Wheat harvest is in full swing in Geary County — and across the state — and according to Extension Agent Chuck Otte, the harvest looks like it will be good this season.
“So far, the limited cutting that I’ve talked with producers, (the) quality’s good,” he said. “Yields are probably going to be a little bit above average.”
This is not, Otte said, the case across the board for Kansas wheat farmers, even in the Flint Hills. Even as nearby as Dickinson County, yields have been lower because of drought, he said.
“I don’t think you have to go very far west out of Geary County, though, and you’re going to start running into worse and worse yields simply because of drought,” Otte said. “But around here locally, so far, (it’s) pretty good. We missed some of the coldest weather that caused damage. We’ve got enough rain without too much rain. (We’re) still waiting to see on some of the quality. There’s a lot of stuff that’s yet to come in since we’re just on the very leading edge but early returns are good.”
The biggest environmental issue Geary County’s 2020 wheat crop has faced was uneven moisture at planting time last fall, according to Otte, causing the wheat to come up unevenly.
“A lot of fields parts are ready to harvest parts are still too green,” he said. “ So that’s going to slow things down a little bit.”
The harvest started officially June 23 — according to Otte, one of the latest starts on wheat harvest in a number of years.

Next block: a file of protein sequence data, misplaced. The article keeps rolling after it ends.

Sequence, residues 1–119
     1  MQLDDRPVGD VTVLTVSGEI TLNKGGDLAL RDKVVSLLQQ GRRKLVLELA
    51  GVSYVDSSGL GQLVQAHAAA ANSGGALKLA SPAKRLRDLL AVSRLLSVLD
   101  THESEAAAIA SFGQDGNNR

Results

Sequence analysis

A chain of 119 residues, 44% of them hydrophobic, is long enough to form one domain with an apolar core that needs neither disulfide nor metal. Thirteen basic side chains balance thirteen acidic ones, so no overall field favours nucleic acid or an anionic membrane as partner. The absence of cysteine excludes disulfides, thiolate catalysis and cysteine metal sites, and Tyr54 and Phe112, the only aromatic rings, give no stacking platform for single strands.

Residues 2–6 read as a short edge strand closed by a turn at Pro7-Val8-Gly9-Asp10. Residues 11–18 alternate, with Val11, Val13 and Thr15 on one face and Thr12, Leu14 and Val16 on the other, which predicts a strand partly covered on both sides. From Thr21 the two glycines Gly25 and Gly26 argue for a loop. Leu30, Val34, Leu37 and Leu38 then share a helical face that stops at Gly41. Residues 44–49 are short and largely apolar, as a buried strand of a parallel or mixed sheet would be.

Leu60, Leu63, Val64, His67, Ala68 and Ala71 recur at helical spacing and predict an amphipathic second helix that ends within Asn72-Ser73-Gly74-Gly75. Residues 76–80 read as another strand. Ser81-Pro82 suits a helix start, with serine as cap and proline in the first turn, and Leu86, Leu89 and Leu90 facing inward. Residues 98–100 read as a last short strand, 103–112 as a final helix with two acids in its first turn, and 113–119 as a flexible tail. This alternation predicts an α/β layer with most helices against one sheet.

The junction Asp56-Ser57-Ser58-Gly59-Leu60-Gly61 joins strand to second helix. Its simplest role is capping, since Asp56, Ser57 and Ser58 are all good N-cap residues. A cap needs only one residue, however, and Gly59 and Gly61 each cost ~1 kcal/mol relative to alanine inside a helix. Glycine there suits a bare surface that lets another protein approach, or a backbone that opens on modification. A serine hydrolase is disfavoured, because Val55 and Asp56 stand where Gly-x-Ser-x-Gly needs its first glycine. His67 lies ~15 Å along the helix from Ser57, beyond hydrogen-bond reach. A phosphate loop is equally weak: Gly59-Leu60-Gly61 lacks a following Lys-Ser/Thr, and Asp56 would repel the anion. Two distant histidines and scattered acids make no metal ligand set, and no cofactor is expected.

He said harvesting weather looks good at this time.
Wheat is Geary County’s number three crop, having fallen from number one in recent years to be replaced by soybeans and corn. Otte said these crops, which will be harvested in fall, are looking good right now.
At this time, wheat prices are around $4.17 a bushel, which according to Otte is “not terrible.”
“A lot of producers are going in getting the wheat harvested, immediately coming in with with drills to plant soybeans to get what’s called double crop beans in,” he said.
As with everything in 2020, the ag markets are a matter of waiting and seeing what happens with tariffs, trade and COVID-19.
“The markets are still in turmoil,” Otte said. “For the livestock producer right now, things are looking a little bit better because a lot of the plants, especially the beef cattle processing plants are back to getting back to close to normal operational production. So there is still a backlog that’s going to be working through for a while, but so far that’s helping quite a bit.”
COVID-19 shouldn’t have much of an impact locally, he said, because most local producers work in small, family units, doing their own harvesting.
During harvest time, people are asked to watch out for farm trucks and equipment on the road.
“Just be patient,” Otte said. “People just get so impatient. They try to pass when they shouldn’t. The big thing is, you’ve got to realize these are big pieces of equipment that don’t maneuver, stop, start, turn like your car does, right? So just give them some space and be patient. And that’s the biggest problem I see. I’ve seen so many scary things over the years. People trying to pass when they shouldn’t ... A double yellow line still means you don’t pass. And if you get into an accident with one of those large pieces of equipment and you’re in a car, you’re probably going to lose. Because they’ve just got so much more weight than you do. So anyway, just patience is a big thing.”